## Example of Creating a Dark Frame

Overview: In this example, we will run through a hypothetical example of creating a dark frame. The values you obtain and use will differ. For clarity, the information that the computer types out and our discussion of it is in italics.

1) First, determine the average CCD temperature for your star images. from the temperature recorded in several image headers. Take the average (Sum/N) of every fifth image (to save computing time), and call this value TCCD.

```cc> hselect *_*.imh UT,CCD-TEMP yes > ccdtemp
cc> !page ccdtemp
cc> curfit ccdtemp function=legendre order=1 power+```

Let's say the number that prints out on the bottom of the screen is -1.12045E01 = -11.20C.

2) Next, see which temperatures have dark frames available:

```cc> imhead /b1/layden/BGTEL/DARKS/DarkT*.imh
/b1/layden/BGTEL/DARKS/DarkTm03.imh[...]: Dark at T=-2.98C...
/b1/layden/BGTEL/DARKS/DarkTm09.imh[...]: Dark at T=-8.17C...
/b1/layden/BGTEL/DARKS/DarkTm12.imh[...]: Dark at T=-11.77C...```

3) The dark current increases quickly at hotter temperatures, so we must interpolate between the the dark frames with temperatures immediately above and below our CCD operating temperature, TCCD. Select from the list in Step 2 the temperatures above and below TCCD: call them T2 (above) and T1 (below). The fractional contribution of each dark frame to our final dark is then:

From Step 2, we find 'DarkTm12.imh' has a temp just below TCCD, so T1 = -11.77C, while 'DarkTm09.imh' has a temp just above TCCD, so T2 = -8.17C. Plugging into the equations above, we find f1 = 0.158 and f2 = 0.842.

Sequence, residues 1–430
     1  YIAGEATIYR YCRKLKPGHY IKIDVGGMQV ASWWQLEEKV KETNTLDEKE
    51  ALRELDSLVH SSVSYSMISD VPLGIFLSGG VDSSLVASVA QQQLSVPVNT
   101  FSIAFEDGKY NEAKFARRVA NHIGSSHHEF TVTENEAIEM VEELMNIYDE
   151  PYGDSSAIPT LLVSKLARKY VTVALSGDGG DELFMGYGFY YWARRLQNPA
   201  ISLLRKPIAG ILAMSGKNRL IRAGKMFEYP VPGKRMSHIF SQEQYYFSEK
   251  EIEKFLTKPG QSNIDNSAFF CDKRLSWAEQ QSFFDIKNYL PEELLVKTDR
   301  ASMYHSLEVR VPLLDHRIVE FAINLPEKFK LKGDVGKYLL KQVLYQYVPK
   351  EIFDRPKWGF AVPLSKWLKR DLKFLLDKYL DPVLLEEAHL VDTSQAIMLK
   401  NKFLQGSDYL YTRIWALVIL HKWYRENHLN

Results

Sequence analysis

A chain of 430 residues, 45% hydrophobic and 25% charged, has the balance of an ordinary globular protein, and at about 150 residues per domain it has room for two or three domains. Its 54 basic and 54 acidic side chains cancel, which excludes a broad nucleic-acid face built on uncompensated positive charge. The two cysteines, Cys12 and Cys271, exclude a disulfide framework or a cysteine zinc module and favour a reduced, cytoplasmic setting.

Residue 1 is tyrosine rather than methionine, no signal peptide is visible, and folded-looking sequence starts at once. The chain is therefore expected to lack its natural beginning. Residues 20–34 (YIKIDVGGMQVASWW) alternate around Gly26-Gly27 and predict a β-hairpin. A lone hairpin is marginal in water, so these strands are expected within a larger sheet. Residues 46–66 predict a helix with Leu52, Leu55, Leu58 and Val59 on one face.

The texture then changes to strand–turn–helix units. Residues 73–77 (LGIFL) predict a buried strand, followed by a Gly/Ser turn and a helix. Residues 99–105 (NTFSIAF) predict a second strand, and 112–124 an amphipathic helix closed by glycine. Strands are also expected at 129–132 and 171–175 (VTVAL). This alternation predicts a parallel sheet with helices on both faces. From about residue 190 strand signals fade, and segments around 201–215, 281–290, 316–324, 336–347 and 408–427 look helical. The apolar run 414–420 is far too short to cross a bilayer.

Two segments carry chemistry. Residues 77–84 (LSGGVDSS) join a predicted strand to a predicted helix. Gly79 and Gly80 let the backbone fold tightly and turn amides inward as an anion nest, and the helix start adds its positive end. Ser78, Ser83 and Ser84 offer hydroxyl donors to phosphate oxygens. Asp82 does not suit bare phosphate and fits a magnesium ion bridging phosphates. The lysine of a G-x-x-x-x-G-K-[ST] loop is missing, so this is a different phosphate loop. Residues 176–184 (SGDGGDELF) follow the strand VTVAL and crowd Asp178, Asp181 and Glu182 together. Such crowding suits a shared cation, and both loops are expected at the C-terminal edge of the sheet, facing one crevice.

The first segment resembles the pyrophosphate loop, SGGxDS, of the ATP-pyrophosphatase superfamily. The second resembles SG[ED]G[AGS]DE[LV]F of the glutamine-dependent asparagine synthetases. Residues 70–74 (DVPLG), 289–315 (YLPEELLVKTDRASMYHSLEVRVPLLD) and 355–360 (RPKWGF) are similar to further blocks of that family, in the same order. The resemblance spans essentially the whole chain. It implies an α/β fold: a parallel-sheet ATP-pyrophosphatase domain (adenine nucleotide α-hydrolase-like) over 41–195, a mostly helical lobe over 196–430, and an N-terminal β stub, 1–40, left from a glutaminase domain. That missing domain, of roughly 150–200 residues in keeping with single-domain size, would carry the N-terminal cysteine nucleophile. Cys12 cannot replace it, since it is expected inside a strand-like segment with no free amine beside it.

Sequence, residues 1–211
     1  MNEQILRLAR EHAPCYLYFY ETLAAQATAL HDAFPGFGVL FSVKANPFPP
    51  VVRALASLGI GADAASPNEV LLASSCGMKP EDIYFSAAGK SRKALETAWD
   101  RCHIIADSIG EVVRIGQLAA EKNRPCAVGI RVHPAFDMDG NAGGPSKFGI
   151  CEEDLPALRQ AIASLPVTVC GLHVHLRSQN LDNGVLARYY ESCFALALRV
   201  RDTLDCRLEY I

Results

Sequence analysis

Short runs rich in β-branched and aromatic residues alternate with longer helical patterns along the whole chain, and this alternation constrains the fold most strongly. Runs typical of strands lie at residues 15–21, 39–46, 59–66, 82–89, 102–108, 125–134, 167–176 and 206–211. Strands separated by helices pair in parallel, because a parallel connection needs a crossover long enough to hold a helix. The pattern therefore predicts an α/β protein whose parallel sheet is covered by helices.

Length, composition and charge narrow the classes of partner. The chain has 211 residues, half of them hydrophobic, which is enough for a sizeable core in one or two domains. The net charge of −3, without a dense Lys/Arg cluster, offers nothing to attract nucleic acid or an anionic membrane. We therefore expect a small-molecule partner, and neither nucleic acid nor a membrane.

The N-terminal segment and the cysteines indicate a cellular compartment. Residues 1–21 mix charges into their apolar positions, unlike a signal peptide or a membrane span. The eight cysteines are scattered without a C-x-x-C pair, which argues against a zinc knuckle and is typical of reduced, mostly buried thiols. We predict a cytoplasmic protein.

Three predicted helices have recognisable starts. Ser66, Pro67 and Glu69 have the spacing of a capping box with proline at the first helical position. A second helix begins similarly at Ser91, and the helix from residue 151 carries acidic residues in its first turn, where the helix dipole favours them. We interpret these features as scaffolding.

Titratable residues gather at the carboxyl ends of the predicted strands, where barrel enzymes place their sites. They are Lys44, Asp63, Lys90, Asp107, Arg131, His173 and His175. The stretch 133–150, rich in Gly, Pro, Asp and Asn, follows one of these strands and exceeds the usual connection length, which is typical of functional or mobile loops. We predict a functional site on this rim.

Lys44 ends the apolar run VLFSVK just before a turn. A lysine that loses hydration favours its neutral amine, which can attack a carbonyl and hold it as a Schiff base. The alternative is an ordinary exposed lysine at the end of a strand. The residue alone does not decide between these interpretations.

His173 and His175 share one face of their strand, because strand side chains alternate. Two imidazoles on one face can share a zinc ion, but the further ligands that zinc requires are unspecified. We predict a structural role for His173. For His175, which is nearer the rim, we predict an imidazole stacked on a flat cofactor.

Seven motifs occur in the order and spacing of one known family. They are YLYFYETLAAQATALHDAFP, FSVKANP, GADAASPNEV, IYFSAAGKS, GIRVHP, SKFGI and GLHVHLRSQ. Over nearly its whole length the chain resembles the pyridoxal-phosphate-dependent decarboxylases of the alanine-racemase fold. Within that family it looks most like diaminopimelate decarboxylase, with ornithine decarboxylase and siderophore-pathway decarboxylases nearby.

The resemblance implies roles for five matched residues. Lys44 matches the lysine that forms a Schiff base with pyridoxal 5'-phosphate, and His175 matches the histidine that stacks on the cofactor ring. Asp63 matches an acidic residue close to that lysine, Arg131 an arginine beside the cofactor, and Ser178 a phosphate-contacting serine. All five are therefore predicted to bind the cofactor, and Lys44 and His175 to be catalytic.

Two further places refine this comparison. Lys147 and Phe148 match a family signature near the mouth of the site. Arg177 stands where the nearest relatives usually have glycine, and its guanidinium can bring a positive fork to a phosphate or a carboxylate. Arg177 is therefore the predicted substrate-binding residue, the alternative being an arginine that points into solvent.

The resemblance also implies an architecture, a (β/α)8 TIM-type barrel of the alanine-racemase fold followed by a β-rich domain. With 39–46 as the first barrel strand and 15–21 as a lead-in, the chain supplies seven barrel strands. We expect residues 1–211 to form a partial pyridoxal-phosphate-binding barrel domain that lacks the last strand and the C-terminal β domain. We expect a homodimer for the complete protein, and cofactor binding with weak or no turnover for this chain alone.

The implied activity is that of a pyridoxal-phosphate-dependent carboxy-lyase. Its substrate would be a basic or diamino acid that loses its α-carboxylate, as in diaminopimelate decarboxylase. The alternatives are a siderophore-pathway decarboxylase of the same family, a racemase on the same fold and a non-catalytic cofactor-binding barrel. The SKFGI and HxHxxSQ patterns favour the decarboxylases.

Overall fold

4) Copy fractions of each dark to the current directory and add them together to get the final dark that is appropriate to the images we are processing. Let's say the dark frame with T1is called 'DarkTmNN.imh', and the one with T2 is called 'DarkTmMM.imh'. Note: for f1 and f2, you should enter the numbers you computed in Step 3.

```cc> epar imarith [set pixt=r, calct=r, hparams=darktime]
cc> imarith /b1/layden/BGTEL/DARKS/DarkTm12.imh * 0.842 D1.imh verb+
cc> imarith /b1/layden/BGTEL/DARKS/DarkTm09.imh * 0.158 D2.imh verb+
cc> imariht D1.imh + D2.imh LDark.imh verb+```

5) Check to see that all worked properly. If TCCD was closer to T1, then the total number of counts in LDark (the final dark frame) should be closer to the dark at T1 than at T2 (by the fractions we calculated!).

```cc> imstat *D*.imh fields="image,midpt"
D1.imh 44.77
D2.imh 14.84
LDark.imh 59.76
cc> imstat /b1/layden/BGTEL/DARKS/DarkT*.imh
/b1/layden/BGTEL/DARKS/DarkTm03.imh 211.4
/b1/layden/BGTEL/DARKS/DarkTm09.imh 93.91
/b1/layden/BGTEL/DARKS/DarkTm12.imh 53.17```

OK, we're looking good: the value for LDark (59.76) is between the values for Tm09 (93.91) and Tm12 (53.17), and is closer to the value for Tm12, just as TCCD (-11.20) is closer to T1 (-11.77) than it is to T2 (-8.17). Our interpolation has worked.

Also, the darktime for LDark should be 500 sec:

```cc> hsel *D*.imh \$I,darktime yes
D1.imh 421.
D2.imh 79.
LDark.imh 500.```

Good, it is. We should be all set to apply LDark to the skyflats and star images.

This is a tricky step. If you have any doubts, ask Andy.

Updated 2002 Jul 02 - ACL